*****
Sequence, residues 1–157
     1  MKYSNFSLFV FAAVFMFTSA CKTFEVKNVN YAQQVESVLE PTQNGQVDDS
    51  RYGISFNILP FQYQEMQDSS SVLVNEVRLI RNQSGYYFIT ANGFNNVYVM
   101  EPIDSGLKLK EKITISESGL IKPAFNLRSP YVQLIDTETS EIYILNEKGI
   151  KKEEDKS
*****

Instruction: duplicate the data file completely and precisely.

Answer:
Sequence, residues 1–157
     1  MKYSNFSLFV FAAVFMFTSA CKTFEVKNVN YAQQVESVLE PTQNGQVDDS
    51  RYGISFNILP FQYQEMQDSS SVLVNEVRLI RNQSGYYFIT ANGFNNVYVM
   101  EPIDSGLKLK EKITISESGL IKPAFNLRSP YVQLIDTETS EIYILNEKGI
   151  KKEEDKS